PIXAR MASTERPIECE/MOVIE THEATER REVIEW: “Finding Dory” is voiced by Ellen DeGeneres (Ellen [TV series], The Love Letter), Albert Brooks (Drive, Taxi Driver), Ed O’Neil (Wayne’s World, Married with Children [TV series]), Hayden Rolence (Whom I Fear [Short], Cicero in Winter [Short]), Kaitlyn Olsen (It’s Always Sunny in Philadelphia [TV series], The Heat), Ty Burrell (Modern Family [TV series], Mr. Peabody & Sherman ), Diane Keaton (The Godfather, Annie Hall), Eugene Levy (Best in Show, A Mighty Wind), Idris Elba (Prometheus, Thor), Dominic West (300, John Carter), Sigourney Weaver (Alien, Avatar), Bob Peterson (Up, Monsters Inc.), and John Ratzenberger (Cheers [TV series], What If…). It is directed by Andrew Stanton (Finding Nemo, John Carter) and Angus MacLane (Burn-E [Short], Toy Story of Terror [TV short]), while Stanton also wrote it with Victoria Strouse (New Best Friend, Tinker Bell). When Dory (DeGeneres) suddenly remembers that she was taken away from her parents, she goes on a search for them, with the help of Marlin (Brooks) and Nemo (Rolence). This leads her to an aquarium, where she will rediscover her past and meet some new friends.
It’s been thirteen years since “Finding Nemo” came out. Thirteen years; that’s insane. Fans of the film have been waiting for over a decade to delve back into the ocean world, and now they finally can with “Finding Dory,” a movie that doesn’t live up to its predecessor and is quite a disappointment. Yes, you read that right: a disappointment. I don’t know what the critics were smoking when they reviewed this, but if you weren’t fond of the trailers to this film (like me), you most likely won’t find the flick all too good. Before you jump to any conclusions, don’t think that I hate this release. I actually thought it was okay. There are some entertaining aspects to it that I enjoyed and overall I had a good time at the theater. However, there is this constant feeling that creeps up on me, telling me that this movie isn’t good. Where would I get such an inclination? It’s probably because this story neither excites nor establishes itself as a brilliant, shining light in the movie industry. It’s simply a sequel that doesn’t make much of an impact on anything. It does have some fun moments, but outside of that, there isn’t much to offer here that will convince me that it should have been made. “Finding Nemo” felt like a tale that should be told once. It was a really good standalone feature that I fondly remember. Although “Finding Dory” offers a relatively bright idea, it fails to make itself bounce off the page, often retreating back to its old roots, which is what I feared the most. A ton of things feel all too similar in this because it is in fact structured the same way as “Finding Nemo,” from swimming with sea turtles to being whisked away by a bird to save someone you love. I expected more from this, mainly because it’s Pixar. I was hoping that they would try to create something fresh, but instead I was given a simple welcome back to the film that I saw back in 2003. Aside from the plot being all too similar to its predecessor, let’s look at its other issues before I dive into the pros. First, this story can become too unrealistic. I know, it’s an animated movie; I shouldn’t expect realism. But, “Finding Nemo” was well-grounded enough to where I could sit and not focus on the fact that the fish were talking. In “Finding Dory,” a lot of crazy, nonsensical stuff happens, including a septopus driving a car. It got to the point where I would laugh at how silly it became, and that isn’t a good thing. It was as if the writers couldn’t figure out a more grounded, simpler way to fill out this script. Something outrageous had to happen in order for our characters to get from point A to point B. The second problem with this plot is that Dory’s search for her parents doesn’t hold much weight. While in “Finding Nemo” both Marlin and Nemo had something to learn, there wasn’t much to take from Dory’s adventure in “Finding Dory,” other than the fact that she has short-term memory loss and we are supposed to feel sorry for her. This caused her search for her mom and dad to become lengthy and tiring towards its end as all I could do was sit and watch a blue tang fish try to remember something. Marlin and Nemo had a part, even though it was minor. I can tell that the writers wanted me to take a lesson from the two, but nothing really landed as I could predict the outcome of their issue right away and it wasn’t heavy or deep. Finally, the last thing I find wrong with the story would be found in nitpicks. There are minor things that I have issues with, but none of them are worth mentioning. Now, onto what I liked. The animation has to be the first thing to talk about. Pixar keeps getting better and better in the animating department with each new film, and “Finding Dory” was a sight to see. I loved seeing the fishes’ glistening bodies as they poked their heads out of the water, and the look of sea life has improved immensely since “Finding Nemo.” The characters and voice actors were good, and I found some of the new additions to be fun, my favorite being the sea lions, which were hilarious. There were quite a bit of things that I laughed at in this, as the comedy was good at times. Like I said before, the story also had some fun moments, and I will admit that Dory’s journey wasn’t all too awful. Although it can get tiresome, there were parts where her back story that can hit the mark. In the end, this movie offered some enjoyable moments. I’m sure that those who were obsessed with “Finding Nemo” will find comfort in watching this sequel, but for me it was a big let down. It’s not utter trash, nor Pixar’s worst effort. It’s just not what it’s cracked up to be. Hopefully we don’t receive a third one (“Finding Marlin” anyone?). FINAL SCORE: 69%= Burnt Popcorn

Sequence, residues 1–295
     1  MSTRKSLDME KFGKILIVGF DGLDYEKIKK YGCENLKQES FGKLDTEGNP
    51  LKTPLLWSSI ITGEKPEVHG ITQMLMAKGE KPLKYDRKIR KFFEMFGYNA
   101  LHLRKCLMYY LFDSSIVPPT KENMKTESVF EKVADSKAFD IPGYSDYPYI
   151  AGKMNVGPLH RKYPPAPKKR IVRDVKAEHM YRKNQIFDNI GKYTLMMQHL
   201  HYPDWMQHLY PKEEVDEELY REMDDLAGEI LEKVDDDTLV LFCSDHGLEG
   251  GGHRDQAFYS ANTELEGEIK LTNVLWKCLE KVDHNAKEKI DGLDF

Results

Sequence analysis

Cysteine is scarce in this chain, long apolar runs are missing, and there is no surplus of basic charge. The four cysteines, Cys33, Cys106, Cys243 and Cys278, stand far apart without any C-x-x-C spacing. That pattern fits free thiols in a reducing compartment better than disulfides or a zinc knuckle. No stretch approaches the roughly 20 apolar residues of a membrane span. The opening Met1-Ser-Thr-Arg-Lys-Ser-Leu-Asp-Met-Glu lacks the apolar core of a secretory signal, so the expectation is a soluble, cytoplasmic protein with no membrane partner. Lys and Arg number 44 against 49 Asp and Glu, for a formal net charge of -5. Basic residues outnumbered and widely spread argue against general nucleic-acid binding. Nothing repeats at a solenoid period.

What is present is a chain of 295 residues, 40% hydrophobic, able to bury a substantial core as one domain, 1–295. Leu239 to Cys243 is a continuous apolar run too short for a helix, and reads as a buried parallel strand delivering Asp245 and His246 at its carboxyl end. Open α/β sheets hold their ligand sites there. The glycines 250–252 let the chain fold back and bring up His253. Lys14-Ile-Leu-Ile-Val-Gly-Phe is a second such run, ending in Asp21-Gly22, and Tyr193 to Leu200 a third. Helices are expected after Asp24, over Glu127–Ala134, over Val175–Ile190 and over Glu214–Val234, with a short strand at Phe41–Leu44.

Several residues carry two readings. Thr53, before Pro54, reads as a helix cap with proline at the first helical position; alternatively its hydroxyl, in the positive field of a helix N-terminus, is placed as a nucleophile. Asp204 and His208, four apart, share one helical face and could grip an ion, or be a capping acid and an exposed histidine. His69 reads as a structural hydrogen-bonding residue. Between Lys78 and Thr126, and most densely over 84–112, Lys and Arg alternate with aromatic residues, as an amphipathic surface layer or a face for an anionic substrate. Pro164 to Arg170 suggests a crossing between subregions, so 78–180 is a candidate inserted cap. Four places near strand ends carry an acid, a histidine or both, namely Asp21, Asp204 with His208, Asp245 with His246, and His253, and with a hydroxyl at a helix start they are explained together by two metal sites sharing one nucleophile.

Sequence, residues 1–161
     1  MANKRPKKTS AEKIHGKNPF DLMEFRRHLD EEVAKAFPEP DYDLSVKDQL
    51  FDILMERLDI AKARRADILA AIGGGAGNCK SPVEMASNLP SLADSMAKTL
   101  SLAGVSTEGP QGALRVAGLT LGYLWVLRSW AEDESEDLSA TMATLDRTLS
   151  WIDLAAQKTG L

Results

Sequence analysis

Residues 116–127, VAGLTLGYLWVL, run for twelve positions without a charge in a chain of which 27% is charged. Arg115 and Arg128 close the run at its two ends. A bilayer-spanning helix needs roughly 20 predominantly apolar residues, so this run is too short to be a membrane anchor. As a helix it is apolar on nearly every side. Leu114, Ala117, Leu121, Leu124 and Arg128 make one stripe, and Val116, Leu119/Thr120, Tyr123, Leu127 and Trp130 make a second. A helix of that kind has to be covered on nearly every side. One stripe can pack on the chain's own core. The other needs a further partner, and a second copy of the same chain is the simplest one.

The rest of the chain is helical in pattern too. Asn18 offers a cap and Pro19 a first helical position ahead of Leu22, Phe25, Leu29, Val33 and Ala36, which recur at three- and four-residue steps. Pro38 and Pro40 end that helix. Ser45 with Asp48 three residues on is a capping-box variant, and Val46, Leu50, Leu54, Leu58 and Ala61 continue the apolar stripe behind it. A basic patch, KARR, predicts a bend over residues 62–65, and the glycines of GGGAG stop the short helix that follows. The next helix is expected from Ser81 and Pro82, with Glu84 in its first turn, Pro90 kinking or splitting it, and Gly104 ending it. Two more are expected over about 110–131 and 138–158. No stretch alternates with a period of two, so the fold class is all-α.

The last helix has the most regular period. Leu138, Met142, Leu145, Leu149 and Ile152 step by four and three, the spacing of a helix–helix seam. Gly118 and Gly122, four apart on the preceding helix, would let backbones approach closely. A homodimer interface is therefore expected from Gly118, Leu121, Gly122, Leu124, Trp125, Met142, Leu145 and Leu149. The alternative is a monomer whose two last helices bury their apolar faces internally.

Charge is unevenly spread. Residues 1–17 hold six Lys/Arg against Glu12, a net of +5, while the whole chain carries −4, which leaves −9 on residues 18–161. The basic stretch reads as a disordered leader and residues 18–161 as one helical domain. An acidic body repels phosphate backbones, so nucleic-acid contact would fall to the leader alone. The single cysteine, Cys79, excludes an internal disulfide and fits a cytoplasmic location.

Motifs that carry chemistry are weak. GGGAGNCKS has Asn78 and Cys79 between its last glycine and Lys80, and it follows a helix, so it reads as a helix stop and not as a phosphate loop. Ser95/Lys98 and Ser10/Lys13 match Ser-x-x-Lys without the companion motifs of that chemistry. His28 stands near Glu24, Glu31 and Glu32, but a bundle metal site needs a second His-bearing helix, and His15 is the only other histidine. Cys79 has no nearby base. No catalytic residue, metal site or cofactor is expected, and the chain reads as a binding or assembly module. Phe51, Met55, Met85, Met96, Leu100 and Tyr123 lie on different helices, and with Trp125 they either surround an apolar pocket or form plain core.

Here is the trailer:
Onto my review for Pixar’s new short film, “Piper.”
MOVIE SHORT REVIEW: “Piper” is a 2016 Pixar short film that is directed by Alan Barillaro. It follows a baby sandpiper as he tries to grab a bite to eat by the coastline, only to cower in fear when waves roll in.
While “Finding Dory” may have not faired greatly in my heart, Pixar’s new short film, “Piper,” does not fail to amaze. Terrific visuals plague the screen in this lovely adventure of a small bird overcoming his fear of the coastline. In fact, I will go as far as to say that this has better animation than “Finding Dory.” I mean, the sand was painstakingly realistic; to the point where I could see the individual grains. The water also looked real, with sea-foam gliding up and down the coast. The use of colors and textures in both the sky and the ground was beautiful, and it was like I was taking a vacation. So much of the landscape reminded me of my trips to South Carolina, so it definitely hits home in relating with my life. As for Piper’s story, it is too innocent to pass up. It’s such a sweet tale and I had a fun time watching it. There’s nothing really bad about it, besides the fact that it isn’t a deep or thought-provoking story. It is simply a small journey of a very small, baby bird who learns how to overcome his fears, and I am fine with that. FINAL SCORE: 91%= Juicy Popcorn
Here is a clip of the short: